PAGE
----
Inter-cropping is growing at least two harvests all the while on a similar land parcel with an unequivocal line game plan. The primary goals of intercropping are to utilize the space between two rows of primary crops and produce more grain per unit area. Intercropping was initially drilled as protection against crop disappointment under rainfed conditions. e.g.: Sorghum and Tur in a ratio of 4:2 or groundnut and Tur in a 6:1 ratio.

The Advantages of intercropping:
1. Enhancement in yield
2. Improvement in soil assets under the legume inter cropping system
3. A lesser amount of risk against crop diseases and pests
4. Extra income and higher profit
5. Reduced soil erosion
6. Firmness in production
7. Economic sustainability is preserved

The disadvantages of intercropping:
1. Fertilizer application in one crop may pannier the growth of another crop
2. Improved implements cannot be used resourcefully
3. Harvesting is hard
4. Yield reduces if the crops differ in their competitive abilities

Inter cropping system is further classified as: Additive Series: Intercrop is familiar with the base crop. It is done by regulating or changing crop geometry. It is mostly used in India. Eg: maize + mung-bean (1+1) Replacement Series: Both crops are components. It is done by foregoing certain the proportion of the population. E.g: wheat + mustard (9:1), maize + mung-bean (1:3)

2. Mixed cropping:

Cultivating two or more crops at the same time on the same piece of land in proportion and without any rows. e.g: Wheat and mustard seeds are mixed at a ratio of 2:1 and displayed in a broadcast fashion, with no spacing between the crops.

In climates prone to flood, drought, frost, and other hazards, there is typically no spacing maintained between the crops. are incessant and normal. The farmers always worry that their crops will fail in such circumstances. The time at which all crops are sown is nearly identical in mixed cropping; however, they may.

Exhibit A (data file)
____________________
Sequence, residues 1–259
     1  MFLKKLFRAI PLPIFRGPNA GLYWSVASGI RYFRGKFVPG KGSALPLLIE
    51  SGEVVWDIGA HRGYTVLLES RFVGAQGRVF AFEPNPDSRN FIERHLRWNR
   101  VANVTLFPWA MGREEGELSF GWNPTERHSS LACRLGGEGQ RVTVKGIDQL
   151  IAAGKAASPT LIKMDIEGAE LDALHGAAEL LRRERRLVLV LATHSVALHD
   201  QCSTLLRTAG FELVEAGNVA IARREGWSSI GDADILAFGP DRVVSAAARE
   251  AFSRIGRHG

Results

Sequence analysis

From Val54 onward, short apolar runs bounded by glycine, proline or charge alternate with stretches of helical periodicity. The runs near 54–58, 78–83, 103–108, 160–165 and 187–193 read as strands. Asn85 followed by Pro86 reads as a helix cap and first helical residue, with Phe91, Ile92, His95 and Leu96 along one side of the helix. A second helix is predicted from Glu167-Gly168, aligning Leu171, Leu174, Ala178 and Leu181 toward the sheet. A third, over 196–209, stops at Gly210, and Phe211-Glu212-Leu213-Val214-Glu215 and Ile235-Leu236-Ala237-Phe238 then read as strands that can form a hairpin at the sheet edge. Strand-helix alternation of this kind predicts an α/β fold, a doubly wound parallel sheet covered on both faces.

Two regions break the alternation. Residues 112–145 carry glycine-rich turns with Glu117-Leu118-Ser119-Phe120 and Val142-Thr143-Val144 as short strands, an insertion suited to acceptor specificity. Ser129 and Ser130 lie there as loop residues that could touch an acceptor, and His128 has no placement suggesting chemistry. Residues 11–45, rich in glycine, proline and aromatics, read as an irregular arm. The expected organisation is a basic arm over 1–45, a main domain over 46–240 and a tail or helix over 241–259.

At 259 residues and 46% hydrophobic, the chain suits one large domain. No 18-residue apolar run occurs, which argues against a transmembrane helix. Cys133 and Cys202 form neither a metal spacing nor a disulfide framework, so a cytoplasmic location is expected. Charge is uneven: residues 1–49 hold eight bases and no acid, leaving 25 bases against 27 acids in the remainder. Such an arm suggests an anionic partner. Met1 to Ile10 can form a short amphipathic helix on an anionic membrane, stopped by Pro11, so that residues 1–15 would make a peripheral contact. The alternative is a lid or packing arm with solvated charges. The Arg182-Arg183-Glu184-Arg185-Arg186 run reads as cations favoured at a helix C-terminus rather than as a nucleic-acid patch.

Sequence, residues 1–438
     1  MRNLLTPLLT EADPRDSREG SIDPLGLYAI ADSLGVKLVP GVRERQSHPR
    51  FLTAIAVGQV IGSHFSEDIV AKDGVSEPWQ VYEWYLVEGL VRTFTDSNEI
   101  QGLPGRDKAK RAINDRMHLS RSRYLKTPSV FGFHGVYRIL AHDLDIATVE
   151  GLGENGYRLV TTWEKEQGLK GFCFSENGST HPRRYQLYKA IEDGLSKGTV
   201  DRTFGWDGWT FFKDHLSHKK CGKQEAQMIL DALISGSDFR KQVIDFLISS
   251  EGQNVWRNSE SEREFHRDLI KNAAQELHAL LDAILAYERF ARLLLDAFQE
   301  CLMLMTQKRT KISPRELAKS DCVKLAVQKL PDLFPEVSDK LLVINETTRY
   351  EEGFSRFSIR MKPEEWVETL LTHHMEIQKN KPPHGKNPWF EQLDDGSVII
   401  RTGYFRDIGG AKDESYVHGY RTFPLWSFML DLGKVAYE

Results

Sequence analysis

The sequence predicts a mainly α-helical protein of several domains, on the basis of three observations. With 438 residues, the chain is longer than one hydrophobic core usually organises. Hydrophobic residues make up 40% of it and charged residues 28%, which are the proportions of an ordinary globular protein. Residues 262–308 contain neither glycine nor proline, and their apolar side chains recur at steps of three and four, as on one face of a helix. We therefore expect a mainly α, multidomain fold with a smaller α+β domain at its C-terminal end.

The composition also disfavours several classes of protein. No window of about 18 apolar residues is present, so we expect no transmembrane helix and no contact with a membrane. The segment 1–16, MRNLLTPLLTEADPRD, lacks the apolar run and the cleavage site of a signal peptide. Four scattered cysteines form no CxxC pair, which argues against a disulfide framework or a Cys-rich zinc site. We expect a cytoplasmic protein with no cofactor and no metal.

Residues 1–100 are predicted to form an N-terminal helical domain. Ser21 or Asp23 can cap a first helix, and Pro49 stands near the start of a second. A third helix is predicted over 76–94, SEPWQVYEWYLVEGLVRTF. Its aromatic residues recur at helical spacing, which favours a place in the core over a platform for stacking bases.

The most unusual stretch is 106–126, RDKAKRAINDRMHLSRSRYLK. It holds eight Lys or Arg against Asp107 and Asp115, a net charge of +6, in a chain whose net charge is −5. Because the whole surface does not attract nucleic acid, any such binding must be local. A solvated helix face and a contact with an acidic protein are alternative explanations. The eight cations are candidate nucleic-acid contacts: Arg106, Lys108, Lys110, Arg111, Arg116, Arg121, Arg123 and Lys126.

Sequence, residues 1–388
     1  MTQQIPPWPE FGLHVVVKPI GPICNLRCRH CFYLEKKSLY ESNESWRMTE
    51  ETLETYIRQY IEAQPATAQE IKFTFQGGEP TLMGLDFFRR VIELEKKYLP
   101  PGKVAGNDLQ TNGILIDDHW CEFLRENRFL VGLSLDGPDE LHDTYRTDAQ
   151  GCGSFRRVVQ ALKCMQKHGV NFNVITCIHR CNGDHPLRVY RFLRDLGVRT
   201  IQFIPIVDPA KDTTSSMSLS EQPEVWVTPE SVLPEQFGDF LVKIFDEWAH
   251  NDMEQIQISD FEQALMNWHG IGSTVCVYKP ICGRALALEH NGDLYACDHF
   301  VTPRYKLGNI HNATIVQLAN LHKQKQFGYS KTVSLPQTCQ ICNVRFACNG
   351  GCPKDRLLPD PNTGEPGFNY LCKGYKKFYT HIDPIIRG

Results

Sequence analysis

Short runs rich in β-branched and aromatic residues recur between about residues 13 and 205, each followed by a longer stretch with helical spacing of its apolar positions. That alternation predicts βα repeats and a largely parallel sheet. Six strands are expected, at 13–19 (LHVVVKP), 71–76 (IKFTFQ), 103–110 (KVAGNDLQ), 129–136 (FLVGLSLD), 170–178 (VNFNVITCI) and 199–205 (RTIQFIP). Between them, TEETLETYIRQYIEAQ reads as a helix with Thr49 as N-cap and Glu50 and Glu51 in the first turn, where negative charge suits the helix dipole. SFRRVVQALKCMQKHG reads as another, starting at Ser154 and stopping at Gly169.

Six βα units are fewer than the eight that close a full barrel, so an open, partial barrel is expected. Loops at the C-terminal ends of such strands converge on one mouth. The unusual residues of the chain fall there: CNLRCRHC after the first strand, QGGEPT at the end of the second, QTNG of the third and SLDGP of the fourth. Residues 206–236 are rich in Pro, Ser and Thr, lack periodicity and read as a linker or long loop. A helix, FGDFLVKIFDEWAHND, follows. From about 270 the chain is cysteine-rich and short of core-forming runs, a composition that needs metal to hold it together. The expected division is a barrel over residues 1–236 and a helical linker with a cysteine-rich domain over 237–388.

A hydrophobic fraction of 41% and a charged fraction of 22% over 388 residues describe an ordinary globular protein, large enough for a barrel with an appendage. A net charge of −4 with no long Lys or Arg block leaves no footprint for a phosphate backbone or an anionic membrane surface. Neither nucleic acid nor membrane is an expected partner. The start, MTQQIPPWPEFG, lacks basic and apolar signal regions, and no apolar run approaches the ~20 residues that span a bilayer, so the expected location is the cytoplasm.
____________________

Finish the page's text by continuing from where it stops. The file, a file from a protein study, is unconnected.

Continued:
3. Sequential cropping:

Crops grown in a specific order, like Twofold editing: Two crops grown in a year, such as Triple-cropping rice and wheat: Three crops per year, such as Quadruple cropping of rice, wheat, and maize: Four crops per year, such as Rice-early potato-Wheat-mung

4. Multi-storied cropping:

Cultivation of crops of different heights in the same field at the same time. e.g: Sugarcane + Indian bean or potato or onion, Sorghum+ mung

5. Ratoon cropping:

After harvest, growing a crop with new growth emerging from its roots or stalks. examples include sugarcane, tur, feed sorghum, and feed maize. This reduces the cost of the next crop’s production in terms of land preparation and seed, and the next crop, the ratoon crop, gets a root system that is already established.

6. Paira / Utara/ Relay cropping:

In this case, the second crop is planted in the same field before the first crop is harvested. for Example the first yield is Potato second harvest is Maize, and Lathyrus is rice. This is done primarily to make use of the field’s conserved moisture following the Kharif season. Additionally, it conserves time and maintains vegetation on the land. If you want to learn more about Cropping system.